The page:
This is part of my online book on Healthy Boundaries Made Simple.
One reader asked:
How do I convince my Mom to stop indoctrinating my twin boys when she babysits? I left the [Redacted] church long ago, and I don’t want my kids brainwashed by its teachings.
Being a parent is really hard. Kids need constant food, supervision, and when they’re young, diaper changes. And the only thing harder than having one kid is parenting twins. Double trouble all of the time.
There’s nothing better than having family members to babysit! Built-in babysitters are a lifesaver when you need to work, run errands, or have a simple reprieve.
With that said, this free labor comes with limitations. You see, babysitters are a package deal. You get someone to take care of your boys, but you also get their customs, traditions, and general approach to caregiving. And you get their religion, too, because it’s part of who they are. Part of the babysitting package.
There are exceptions to this. Your Mom must be mindful of anything that causes harm, e.g., food allergies.
But outside of that, you can’t require anything of your Mom. Even bedtimes—which I’m a huge fan of!—can’t be mandated. You might request that the boys be in bed by 8 PM, but she might let them stay up. She has autonomy and might feed them rocky road and Red Vines until the wee hours. And she might read them stories from her religious books.
This is doubly true when your kids stay at your Mom’s house. You can’t mandate what she says or does in her own home. Her house, her rules.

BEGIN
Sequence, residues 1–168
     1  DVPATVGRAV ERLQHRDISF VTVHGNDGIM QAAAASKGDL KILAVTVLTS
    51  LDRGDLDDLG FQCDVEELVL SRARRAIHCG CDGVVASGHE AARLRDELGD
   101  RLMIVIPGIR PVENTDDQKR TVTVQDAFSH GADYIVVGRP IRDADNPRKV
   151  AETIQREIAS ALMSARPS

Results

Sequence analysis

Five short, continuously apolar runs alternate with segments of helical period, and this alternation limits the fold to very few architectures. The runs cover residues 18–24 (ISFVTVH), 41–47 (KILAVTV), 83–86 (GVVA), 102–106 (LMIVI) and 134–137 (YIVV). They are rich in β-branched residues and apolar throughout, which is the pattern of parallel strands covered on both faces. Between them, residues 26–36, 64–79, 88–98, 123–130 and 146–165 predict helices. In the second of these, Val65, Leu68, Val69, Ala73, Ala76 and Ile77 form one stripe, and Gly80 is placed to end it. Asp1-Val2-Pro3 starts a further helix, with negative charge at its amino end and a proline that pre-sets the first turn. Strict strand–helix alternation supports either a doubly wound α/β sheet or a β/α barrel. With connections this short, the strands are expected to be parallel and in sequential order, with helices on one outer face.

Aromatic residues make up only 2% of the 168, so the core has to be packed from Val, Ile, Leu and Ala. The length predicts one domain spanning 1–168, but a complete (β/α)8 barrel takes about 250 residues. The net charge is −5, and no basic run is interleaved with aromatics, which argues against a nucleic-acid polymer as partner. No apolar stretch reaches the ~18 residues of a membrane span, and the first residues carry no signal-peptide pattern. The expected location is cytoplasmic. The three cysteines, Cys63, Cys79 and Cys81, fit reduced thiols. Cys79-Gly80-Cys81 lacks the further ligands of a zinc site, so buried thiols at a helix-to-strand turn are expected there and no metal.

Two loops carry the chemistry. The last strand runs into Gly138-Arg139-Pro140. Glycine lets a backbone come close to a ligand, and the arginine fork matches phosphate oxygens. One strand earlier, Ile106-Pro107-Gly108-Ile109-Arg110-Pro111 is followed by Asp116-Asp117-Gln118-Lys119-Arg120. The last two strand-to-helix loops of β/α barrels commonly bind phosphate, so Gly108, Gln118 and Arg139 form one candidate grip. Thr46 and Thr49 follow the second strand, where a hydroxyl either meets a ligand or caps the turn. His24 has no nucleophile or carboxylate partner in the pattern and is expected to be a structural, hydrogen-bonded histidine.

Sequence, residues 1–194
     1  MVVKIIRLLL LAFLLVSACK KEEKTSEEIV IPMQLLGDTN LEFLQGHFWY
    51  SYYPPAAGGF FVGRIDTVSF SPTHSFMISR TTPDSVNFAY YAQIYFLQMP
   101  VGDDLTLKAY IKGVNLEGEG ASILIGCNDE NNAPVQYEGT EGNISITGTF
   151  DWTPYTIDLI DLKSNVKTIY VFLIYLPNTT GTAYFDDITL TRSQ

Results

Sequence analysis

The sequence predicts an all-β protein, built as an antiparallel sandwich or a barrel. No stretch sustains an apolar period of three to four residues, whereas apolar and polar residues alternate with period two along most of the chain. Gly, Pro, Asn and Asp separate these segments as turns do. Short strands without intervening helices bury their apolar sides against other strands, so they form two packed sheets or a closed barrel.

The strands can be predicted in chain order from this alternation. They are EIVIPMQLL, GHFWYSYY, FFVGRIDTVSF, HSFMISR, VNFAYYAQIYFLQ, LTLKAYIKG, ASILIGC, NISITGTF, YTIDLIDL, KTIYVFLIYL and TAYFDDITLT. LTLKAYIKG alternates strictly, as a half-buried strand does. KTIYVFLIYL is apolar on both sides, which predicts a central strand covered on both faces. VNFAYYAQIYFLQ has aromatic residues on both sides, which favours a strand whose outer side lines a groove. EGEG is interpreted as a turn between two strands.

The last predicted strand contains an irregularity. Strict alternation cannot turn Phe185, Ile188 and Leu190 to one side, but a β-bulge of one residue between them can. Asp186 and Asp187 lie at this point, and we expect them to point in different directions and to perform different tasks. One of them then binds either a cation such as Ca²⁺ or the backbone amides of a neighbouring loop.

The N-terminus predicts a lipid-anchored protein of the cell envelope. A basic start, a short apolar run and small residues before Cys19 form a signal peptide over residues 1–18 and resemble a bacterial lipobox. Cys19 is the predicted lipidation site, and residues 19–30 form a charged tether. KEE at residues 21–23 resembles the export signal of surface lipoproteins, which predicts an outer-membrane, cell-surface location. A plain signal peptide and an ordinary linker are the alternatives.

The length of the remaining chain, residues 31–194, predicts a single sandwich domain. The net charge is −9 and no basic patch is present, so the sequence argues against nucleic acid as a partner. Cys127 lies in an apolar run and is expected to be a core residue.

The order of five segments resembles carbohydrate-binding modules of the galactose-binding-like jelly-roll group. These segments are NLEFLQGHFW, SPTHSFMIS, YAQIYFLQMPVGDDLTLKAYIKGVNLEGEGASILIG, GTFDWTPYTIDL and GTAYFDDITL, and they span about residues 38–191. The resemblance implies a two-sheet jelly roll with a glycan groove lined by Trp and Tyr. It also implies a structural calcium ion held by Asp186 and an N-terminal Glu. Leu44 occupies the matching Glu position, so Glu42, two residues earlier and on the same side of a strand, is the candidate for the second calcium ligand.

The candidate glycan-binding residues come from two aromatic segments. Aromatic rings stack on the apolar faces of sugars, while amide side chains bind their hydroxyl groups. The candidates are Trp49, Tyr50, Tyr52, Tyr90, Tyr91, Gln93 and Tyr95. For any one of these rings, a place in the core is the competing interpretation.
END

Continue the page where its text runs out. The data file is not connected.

Now, if any of this sounds unreasonable or unfair, let’s consider the golden rule, which says: Treat people the way you want to be treated.
You don’t want people controlling what you say and do in your own home. Your house, your rules. Likewise, when you offer free babysitting, others can’t dictate your general approach to caregiving. They might request things, like a specific bedtime, but it’s really up to you as a caregiver to decide what to do.
When a parent asks you to babysit, they’re getting all of you. There’s no splitting the caregiving part of you off from the rest of your soul. No horcruxing allowed! You’re a whole person, and when you babysit, you bring all of you. If someone doesn’t like that, they can find another babysitter.
So, to the reader who asked the original question, I would say you can’t require your Mom to not discuss her religion when she watches your kids. You can request that she not do this and then wait and see what she does. If she continues to share things you don’t like, perhaps it’s time to find a new babysitter.
In addition, this is a good time to share with your twins an age-appropriate version of what you believe. Express what’s in your heart, how you view morality, and how you decide what is ethical and fair. And just as importantly, show them what you believe with your actions, with how you treat them.
As your boys grow up, they’ll be exposed to a dozen different beliefs and worldviews. You can’t shield them from every ideology and philosophy. All you can do is show them what you believe and trust that they’ll figure things out for themselves.